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Operations Quality Risk Management

Introduction

Fonterra is a New Zealand dairy company established through a farmer’s cooperative. It has grown to become the world’s largest producer of dairy products. The products are exported to over 100 countries across the world (Fonterra, 2016). The company’s product range includes; milk powders, cheese, cream, yoghurt, butter, beverages and pastries. Fonterra sources its milk from over 10,000 New Zealand farmer shareholders as well as suppliers in Australia, Brazil, Chile, Sri Lanka, North America and China (Fonterra, 2016).

The dairy industry extends from the farmers in the rural areas to consumers in urban areas and encompasses core processes such as transportation and pasteurisation. The dairy food supply chain comprises multiple stakeholders and the system is likely to be disrupted due to much vulnerability (Gold, Hahn & Seuring, 2013). The perishable nature of milk as a raw material creates many risks and uncertainties. Many of these risks are related to shorter product life cycles and customer demands regarding the products and services. Dairy companies have to find ways of minimising or eliminating such risks in order to remain viable (Glover et al., 2014).

The presence of many stakeholders increases the supply chain risk in any industry. In today’s business environment, risks and uncertainties in the supply chain cannot be handled within the company only. It requires the involvement of various stakeholders both within and outside the company. Any disruption at one stage can affect the entire supply chain. Risk management is a proactive approach that involves identification and mitigation of risks through various strategies (Gold, Hahn & Seuring, 2013).

Operational risks

Production risks are present at the farm level and affect the initial part of the supply chain, with ramifications going all the way to the consumer. They include anything that interferes with optimal production of raw milk from the farm (Gold, Hahn & Seuring, 2013). These include low milching cows, diseases, and labour shortages. Low milching cattle present a major risk as it leads to poor milk yields thus increasing the cost of production. High yields of raw milk lower the cost of production per litre of milk. Low milching cows have a direct impact on the performance of milk producers and also impacts on other stakeholders downstream (Glover et al., 2014).

Traditionally, New Zealand has enjoyed a great advantage in the dairy marketplace due to low production costs as compared to its competitors. Fonterra’s processing plants are highly efficient and produce high volumes compared to its peers. However, on-farm production costs have been rising over the years while competitors such as Argentina’s pastoral based farmers incur relatively lower costs (Trienekens et al., 2012). Fonterra can no longer rely on its comparative lower costs advantage when competing on the global stage.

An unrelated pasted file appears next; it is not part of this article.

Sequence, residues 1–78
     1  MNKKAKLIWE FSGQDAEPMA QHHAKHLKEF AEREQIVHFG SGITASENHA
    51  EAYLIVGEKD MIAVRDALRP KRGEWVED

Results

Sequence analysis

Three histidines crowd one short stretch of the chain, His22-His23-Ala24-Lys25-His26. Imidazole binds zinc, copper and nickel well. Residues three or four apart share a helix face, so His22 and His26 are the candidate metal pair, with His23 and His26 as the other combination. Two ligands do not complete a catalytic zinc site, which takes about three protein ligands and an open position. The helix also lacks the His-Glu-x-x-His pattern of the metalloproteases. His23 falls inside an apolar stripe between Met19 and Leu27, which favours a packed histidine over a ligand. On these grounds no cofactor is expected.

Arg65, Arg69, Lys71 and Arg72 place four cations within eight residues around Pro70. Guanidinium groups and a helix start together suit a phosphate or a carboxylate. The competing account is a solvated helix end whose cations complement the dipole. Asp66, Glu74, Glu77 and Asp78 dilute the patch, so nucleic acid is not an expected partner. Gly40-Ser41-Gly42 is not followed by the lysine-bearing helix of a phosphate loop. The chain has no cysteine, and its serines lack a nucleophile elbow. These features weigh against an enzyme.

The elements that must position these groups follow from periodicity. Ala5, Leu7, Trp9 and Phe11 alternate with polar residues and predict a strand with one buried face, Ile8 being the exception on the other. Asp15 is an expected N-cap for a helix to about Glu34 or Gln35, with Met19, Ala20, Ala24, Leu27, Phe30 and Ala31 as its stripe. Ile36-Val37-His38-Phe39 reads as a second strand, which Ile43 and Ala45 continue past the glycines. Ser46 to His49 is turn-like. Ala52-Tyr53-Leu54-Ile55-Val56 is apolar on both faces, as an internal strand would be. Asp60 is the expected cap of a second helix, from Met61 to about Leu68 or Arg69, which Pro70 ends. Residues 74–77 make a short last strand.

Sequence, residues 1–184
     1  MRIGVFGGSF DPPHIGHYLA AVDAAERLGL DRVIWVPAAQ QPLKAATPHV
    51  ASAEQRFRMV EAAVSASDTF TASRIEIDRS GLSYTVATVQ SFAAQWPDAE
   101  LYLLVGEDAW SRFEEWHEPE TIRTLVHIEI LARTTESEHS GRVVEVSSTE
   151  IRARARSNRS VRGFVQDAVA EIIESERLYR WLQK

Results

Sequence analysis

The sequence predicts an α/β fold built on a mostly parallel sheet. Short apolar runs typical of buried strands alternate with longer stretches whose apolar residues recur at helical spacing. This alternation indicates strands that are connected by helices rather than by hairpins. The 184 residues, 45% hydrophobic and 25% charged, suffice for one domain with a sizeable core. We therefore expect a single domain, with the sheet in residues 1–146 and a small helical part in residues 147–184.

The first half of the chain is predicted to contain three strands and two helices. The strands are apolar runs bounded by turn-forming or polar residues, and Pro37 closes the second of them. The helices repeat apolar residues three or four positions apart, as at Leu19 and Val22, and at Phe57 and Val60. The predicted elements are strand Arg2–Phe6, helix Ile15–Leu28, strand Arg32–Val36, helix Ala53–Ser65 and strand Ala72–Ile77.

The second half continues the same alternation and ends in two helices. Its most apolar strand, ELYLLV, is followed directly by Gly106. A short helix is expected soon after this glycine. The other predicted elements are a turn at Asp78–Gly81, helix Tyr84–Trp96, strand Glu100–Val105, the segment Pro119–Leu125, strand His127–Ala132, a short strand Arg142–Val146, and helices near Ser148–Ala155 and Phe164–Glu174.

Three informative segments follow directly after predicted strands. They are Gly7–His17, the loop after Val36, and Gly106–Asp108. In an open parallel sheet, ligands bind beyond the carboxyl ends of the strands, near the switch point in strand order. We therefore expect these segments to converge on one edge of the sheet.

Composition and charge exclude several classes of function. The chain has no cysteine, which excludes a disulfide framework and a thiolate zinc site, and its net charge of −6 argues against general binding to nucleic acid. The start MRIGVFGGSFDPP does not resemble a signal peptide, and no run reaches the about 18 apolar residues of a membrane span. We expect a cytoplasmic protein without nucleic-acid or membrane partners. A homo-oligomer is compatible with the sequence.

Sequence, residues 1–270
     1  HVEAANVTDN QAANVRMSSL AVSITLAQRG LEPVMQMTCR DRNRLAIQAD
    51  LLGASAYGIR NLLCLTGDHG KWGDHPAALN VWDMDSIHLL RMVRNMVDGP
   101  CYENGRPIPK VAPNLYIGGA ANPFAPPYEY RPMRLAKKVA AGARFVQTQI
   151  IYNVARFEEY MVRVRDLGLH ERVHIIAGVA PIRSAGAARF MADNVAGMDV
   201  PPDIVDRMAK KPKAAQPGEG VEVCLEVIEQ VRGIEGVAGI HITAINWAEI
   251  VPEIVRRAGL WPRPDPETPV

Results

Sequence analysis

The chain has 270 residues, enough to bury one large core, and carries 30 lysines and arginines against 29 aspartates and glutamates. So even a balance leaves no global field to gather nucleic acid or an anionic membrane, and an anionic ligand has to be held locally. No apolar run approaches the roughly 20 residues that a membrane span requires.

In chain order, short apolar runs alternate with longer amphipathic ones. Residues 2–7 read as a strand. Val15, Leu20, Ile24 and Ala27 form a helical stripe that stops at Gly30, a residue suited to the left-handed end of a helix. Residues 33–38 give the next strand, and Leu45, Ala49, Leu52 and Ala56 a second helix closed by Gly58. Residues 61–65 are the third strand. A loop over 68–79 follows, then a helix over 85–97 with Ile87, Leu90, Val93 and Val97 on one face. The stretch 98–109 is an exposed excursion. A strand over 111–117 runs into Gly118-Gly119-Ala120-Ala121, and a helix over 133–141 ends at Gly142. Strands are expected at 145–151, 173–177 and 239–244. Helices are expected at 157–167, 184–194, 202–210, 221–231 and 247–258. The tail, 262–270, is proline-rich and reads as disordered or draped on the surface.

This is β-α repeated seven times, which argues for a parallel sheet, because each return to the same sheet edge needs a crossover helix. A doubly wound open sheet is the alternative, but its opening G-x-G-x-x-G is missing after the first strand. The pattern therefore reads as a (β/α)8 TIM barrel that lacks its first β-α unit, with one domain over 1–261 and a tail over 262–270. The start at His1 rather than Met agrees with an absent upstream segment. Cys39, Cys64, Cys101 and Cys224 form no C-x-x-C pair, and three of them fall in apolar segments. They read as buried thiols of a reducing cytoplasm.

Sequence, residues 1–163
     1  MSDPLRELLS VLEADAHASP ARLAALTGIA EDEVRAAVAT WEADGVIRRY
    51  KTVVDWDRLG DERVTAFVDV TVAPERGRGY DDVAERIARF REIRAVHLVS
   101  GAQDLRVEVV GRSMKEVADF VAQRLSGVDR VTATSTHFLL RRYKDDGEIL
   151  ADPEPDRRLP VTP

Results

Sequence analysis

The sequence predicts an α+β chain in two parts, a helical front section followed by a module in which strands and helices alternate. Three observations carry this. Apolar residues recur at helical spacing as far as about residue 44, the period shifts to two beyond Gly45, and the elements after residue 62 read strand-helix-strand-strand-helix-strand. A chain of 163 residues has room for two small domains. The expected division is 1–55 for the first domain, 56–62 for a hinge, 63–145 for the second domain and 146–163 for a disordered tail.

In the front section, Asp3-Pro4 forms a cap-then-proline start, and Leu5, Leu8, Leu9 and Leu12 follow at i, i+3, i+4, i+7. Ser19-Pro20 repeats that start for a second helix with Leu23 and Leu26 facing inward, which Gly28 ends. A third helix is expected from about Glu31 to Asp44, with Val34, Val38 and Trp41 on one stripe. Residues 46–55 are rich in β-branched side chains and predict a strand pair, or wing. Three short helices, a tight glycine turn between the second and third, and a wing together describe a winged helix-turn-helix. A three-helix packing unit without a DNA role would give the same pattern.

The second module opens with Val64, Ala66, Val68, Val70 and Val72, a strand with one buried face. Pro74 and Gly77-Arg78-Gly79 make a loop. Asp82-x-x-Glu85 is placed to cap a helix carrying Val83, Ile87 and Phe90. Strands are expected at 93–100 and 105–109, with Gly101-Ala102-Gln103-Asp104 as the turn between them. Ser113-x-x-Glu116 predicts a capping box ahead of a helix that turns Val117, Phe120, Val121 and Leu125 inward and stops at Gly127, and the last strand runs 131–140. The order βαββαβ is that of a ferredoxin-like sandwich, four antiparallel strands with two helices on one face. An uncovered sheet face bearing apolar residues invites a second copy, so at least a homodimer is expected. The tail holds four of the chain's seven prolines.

Farmers are facing increasing costs of production and are likely to push for higher milk prices in order to remain viable (Ayağ et al., 2013). However, this is likely to hurt Fonterra’s bottom line, and transferring the cost to consumers might result in loss of sales. Fonterra therefore has to find ways of helping farmers cut costs of production. The company has managed to do this through subsidising most of the costs incurred by farmers. Through its cooperative arrangement, farmers get help in acquiring feeds, farm equipment and materials, veterinary services, transportation to the processing plant and storage (Gold, Hahn & Seuring, 2013). Fonterra is also promoting improved farming technologies among its farmers to improve yields in terms of both quality and quantity.

Fonterra’s current cooperative structure ensures farmers continue to control the milk supply just like in other competing countries. However, this is expected to eventually result in slower sales growth and lower profits making it difficult for Fonterra to compete with global corporate dairy companies (Glover et al., 2014). Fonterra can only achieve more robust sales and greater profits through large acquisitions. This would require large access to capital.

The loss of labourers on the farm can slow down operations and cause lower production. Many farms still rely on family members and temporary workers to help with various tasks (Gold, Hahn & Seuring, 2013). This creates a level of uncertainty over the availability of adequate labour to handle farm work such as feeding, cleaning, milking, and transportation. Diseases are also a major risk in the dairy industry and can have a major impact on raw milk production as well as product sales. The dairy products market is also sensitive to quality scandals, such as food safety incidents, that can lead to massive loss of sales (Ayağ et al., 2013).